patterns of drawing

by sophie

I had been doing so well at regularly posting on my blog! And then my laptop decided it didn’t want to turn on anymore. That put a bit of a damper on my blogging plans. Things like this always happen close to Christmas, so there’s no way you can get it fixed in time and you have to wait a few weeks into the New Year. We’ll see. End Rant.

Also, there are an awful lot of pictures that come up in the google search ‘angry laptop.’ Like this gem.

Now for some of my art projects, from a year ago. It’s obviously too soon to share any of my recent art…in the crazy mind of Sophie. Who refers to herself in third person.

Here’s some pretty flowers that a friend and I stole from the Botanic Gardens, even though there were signs blatantly asking us not to pick flowers. I made dye out of them as a precursor for this project.

This is a wall-sized drawing that I created using dye I made from tree bark. Cherry tree, if I recall correctly. Although I study Sculpture, a lot of my work seems to come back to drawing; or using drawing to alter the space that my work is displayed in. However, at my lovely conservative art school my lecturers aren’t so keen on pushing the boundaries of Sculpture. Think 3-D Sophie! 3-D! A ‘conservative art University’ may seem like a contradiction in terms. I assure you, they do exist. It’s like the French salon all over again.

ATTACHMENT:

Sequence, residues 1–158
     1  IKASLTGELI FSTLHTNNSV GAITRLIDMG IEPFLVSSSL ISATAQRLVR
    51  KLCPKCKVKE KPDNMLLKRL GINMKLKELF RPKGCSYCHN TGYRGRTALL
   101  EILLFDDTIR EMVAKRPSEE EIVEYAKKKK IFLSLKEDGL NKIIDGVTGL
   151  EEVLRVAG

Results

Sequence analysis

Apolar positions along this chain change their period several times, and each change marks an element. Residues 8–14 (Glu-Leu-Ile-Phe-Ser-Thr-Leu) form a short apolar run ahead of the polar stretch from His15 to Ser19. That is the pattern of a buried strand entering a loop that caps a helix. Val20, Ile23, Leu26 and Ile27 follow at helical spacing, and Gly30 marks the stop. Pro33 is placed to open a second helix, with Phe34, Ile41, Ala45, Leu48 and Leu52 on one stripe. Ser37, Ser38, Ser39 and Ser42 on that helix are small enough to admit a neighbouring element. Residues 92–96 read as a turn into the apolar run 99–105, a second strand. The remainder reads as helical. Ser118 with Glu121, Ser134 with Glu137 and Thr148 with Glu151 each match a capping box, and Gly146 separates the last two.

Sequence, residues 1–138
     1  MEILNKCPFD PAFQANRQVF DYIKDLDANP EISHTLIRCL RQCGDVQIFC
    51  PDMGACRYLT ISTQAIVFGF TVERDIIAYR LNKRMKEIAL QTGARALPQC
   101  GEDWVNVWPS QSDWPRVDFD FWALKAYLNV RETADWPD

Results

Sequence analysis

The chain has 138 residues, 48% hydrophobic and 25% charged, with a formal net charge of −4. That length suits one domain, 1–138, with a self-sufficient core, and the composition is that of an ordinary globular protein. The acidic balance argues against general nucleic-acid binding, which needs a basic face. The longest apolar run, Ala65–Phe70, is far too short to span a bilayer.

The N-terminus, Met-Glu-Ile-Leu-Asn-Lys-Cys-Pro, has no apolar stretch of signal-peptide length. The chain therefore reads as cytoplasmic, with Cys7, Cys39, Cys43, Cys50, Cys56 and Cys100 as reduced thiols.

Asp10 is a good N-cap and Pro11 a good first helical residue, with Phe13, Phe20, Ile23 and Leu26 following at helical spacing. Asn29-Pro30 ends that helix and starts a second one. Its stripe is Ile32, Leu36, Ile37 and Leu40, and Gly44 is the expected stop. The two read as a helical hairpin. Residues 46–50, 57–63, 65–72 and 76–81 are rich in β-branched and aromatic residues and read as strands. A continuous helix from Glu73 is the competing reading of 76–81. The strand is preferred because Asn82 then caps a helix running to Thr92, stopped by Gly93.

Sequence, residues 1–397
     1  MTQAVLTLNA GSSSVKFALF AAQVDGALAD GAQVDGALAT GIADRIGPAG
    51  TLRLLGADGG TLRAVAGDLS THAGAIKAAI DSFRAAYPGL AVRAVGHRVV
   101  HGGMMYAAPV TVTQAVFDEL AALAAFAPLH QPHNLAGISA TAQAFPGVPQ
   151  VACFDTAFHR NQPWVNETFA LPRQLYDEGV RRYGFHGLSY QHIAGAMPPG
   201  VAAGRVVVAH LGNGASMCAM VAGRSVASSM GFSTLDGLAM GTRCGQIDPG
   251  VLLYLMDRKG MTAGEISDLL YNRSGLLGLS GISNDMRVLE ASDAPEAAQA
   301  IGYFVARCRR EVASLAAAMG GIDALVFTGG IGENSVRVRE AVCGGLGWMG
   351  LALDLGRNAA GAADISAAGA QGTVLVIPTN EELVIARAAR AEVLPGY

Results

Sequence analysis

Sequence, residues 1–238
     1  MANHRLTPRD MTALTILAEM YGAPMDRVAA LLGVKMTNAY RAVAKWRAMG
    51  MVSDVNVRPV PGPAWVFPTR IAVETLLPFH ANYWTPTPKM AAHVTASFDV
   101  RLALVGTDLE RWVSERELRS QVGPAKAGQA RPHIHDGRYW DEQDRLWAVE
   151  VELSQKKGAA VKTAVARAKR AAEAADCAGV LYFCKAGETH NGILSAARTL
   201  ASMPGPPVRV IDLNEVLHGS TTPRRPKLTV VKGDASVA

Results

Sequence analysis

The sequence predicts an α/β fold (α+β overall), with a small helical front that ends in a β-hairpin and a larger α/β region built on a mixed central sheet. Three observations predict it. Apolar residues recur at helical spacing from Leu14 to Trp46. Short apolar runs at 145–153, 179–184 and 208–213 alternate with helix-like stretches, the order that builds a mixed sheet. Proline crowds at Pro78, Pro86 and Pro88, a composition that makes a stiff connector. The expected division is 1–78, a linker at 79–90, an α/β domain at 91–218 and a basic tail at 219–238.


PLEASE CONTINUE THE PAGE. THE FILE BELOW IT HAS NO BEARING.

Another sculptural work using drawing. This was for a self portrait assignment. I researched anatomical drawings of the body and used a ‘face mask’ beauty product that peels off, and put a layer on my own skin. I painted the anatomical lines onto the face mask and then very carefully peeled it off when it dried. Finally, I used spray adhesive to stick the skin peels onto white board. So the triptych is my foot, hand/arm and face.

This work accompanies the previous triptych. It’s a drawing of a peeled off face mask, but I drew it looking through a magnifying glass.

The odd thing is, when I was doing high school art, I really didn’t enjoy drawing and didn’t think that I was at all good at it. I loved photography; and to this day my photography teacher has been the only art teacher that really encouraged me.

It’s completely bizarre that drawing preoccupies me so much that it invades all parts of my art work. It’s funny after a while, you start to realise your own patterns, and the things you come back to in art.

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